Wednesday, February 06, 2008

Parent Teacher Conference

Starting last week I officially took over teaching one of our classes full time. This means that I am now responsible for everything from planning to grading and, perhaps even scarier, my CT is no longer in the room with me. Needless to say, the students have been testing me and I've had some pretty rough days. Yesterday I was fed up (again) and I said that the next person to get sent out of the room was getting sent to the counseling office with a referral. N., who I had already told multiple times during the period to stop talking and go back to his seat, got up to pull down the window shade and when it wouldn't go, he started banging it against the wall. I sent him out, feeling completely guilty because he wasn't being that "bad" and I was really just making an example of him. Fortunately for my conscience and unfortunately for everything else, my guilt was quickly relieved when he yelled "This is hella gay!" as he stormed out.

Then the fun part: Last night I got an email from my CT saying that the 9th grade counselor had called N.'s mother and she would be coming in this morning to meet with me. My CT wouldn't be there, and the counselor would only be there part of the time--they felt it would be a good time for me to establish myself as the teacher. Great.

Why do parents scare me so much? I told myself over and over that this was the perfect opportunity to get N. back on track--he's a super-smart kid, but his grades have been slipping because he goofs off all the time and doesn't get his work finished. Parents invariably want their kids to succeed, which is the exact same thing I want for them. We're on the same team, so why the fear? I guess it's hard to feel like I have much of value to tell a parent when I'm closer to their child's age than to theirs, and when I don't feel like I have any expertise in the first place.

Of course the meeting went well. N.'s mom never questioned my judgment or what I was telling her about her son. It was not the first time a teacher had told her that he talks too much in class. We both focused on how when I tell him to do something, it's because I'm trying to help him, so he needs to accept that help. I made sure to bring up the many things that I like about N. (and I think his mom was pleased to hear that). Everything centered around how we could support him. It was all very textbook.

N. was awesome in class today. The true test for him will be to see if it lasts. But the true test for me will be to see if how much I freak out next time I have a parent meeting.


Jen of A2eatwrite said...

You know, there will be good meetings and less good ones and even the occasional horrendous one. For some kids, and this may be one of them, showing that you care enough to call the kid out and meet with his/her parent can show that you're willing to go the extra distance and sometimes can turn that kid around for you. It's all dependent on the relationship they have with their parents, too, of course. Man, I shouldn't comment when I'm tired.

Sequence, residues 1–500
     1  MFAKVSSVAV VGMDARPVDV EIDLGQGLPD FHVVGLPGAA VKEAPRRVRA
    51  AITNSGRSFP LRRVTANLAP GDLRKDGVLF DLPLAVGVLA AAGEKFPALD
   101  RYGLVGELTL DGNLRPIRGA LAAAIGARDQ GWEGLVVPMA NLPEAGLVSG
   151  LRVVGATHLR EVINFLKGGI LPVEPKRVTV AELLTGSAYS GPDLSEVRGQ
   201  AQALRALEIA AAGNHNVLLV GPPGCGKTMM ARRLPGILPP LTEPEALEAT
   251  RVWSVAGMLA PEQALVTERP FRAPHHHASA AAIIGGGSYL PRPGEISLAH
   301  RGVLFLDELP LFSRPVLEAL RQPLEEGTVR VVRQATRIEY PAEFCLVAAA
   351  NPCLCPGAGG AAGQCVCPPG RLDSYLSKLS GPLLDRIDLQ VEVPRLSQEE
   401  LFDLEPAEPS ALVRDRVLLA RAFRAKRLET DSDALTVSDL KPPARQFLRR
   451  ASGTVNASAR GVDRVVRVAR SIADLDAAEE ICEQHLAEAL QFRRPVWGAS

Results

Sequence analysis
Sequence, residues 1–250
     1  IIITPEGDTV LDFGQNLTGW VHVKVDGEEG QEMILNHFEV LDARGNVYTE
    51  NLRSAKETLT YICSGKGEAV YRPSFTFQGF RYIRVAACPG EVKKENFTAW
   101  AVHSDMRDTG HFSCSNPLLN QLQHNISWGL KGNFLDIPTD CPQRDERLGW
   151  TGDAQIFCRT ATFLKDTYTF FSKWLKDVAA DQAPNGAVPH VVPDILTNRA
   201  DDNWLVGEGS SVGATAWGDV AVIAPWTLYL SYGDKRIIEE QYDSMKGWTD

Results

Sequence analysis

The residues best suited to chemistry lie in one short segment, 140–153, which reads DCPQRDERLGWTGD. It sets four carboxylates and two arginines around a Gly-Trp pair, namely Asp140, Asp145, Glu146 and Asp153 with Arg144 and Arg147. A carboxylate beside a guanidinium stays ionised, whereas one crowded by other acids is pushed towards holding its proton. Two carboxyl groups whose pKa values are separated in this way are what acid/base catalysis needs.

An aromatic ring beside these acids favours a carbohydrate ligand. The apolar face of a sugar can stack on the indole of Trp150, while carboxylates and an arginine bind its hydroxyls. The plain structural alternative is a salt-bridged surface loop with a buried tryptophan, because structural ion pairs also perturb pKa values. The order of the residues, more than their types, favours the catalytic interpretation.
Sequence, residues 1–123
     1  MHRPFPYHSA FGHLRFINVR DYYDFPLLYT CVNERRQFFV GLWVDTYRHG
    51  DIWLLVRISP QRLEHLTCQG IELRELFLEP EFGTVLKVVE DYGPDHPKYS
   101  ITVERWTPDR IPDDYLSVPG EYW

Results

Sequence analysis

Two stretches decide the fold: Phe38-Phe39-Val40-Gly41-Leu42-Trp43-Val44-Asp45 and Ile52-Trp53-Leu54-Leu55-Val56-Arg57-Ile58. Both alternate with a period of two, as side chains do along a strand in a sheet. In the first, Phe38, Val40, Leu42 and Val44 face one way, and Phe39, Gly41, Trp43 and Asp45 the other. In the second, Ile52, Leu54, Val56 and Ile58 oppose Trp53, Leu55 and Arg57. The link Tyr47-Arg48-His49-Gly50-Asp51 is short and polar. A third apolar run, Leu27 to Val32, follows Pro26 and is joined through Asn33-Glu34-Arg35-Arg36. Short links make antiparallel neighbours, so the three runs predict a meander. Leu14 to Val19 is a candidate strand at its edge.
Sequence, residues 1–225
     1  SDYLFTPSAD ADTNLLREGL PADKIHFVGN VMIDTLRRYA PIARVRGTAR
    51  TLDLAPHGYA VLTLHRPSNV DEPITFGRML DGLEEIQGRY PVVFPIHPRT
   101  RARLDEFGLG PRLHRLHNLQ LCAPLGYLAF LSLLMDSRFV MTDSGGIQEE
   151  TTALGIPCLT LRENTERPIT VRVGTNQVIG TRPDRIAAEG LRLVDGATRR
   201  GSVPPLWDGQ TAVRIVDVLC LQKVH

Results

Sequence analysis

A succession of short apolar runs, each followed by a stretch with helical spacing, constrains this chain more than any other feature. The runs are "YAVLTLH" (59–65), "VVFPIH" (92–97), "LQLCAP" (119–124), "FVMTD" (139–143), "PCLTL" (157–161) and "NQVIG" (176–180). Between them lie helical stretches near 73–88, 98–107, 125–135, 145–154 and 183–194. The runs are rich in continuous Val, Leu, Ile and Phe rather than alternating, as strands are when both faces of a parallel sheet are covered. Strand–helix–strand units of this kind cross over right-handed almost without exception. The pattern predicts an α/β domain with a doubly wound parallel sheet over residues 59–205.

Also, when you have a second (ha!) could you please drop me an e-mail at jenshaines at aol dot com? I have some info I want to pass on to you and can't do it here.

SWE said...

In spite of the stress, it's awesome that your CT has you interacting with parents. My Evil CT insisted that I not "interfere" with her with parents, and it was nearly impossible to accomplish what I wanted to because of it. I'm glad (and not at all surprised) that it went well!

LInda said...

Parents scare the teachers who are 30 year pros. You never can quite tell where they will be coming from. The good thing is that most parents just want to help their child--exactly what you want. (I learned this from Jennifer many years ago.) If you go into it expecting the best and preparing for the worst, you should do well and leave satisfied at least 75% of the time, maybe more.
Well, done.

Roni said...

I'm right on the same page with you. I didn't have the pleasure of meeting parents when I was student teaching though, so I'm going to give you extra points on the "going for it" meter.

Parent teacher nights here are extremely frightening. I get 5 minute slots that last for 3 hours in a row, parent after parent after parent. Even when I prepare and meet with the parents of those kids that are genuinely good students, I never quite know what to say. I'm not alone, though, as pretty much all teachers feel either useless ("Your son is doing fine. Any questions?") or validated ("Yes, Mrs. So-and-so, this is a sample of your son's typical homework assignment. This is why he's failing. Any questions?"). Sometimes things get abusive but that's what management/administration is for.

Nothing but goodness can come from meetings though. It's good for everyone involved to know where everyone else is coming from. Even the students. It makes teaching so much easier.

Congrats on successfully navigating the Parent-Teacher-Student
Meeting. Have a beer and relax. You've earned it!

Teana said...

not to worry, my friends who have been teaching for a few years are still somewhat iffy when it comes to parent-teacher meetings. you never know what kind of parent you're going to get. but i'm glad to hear yours went well.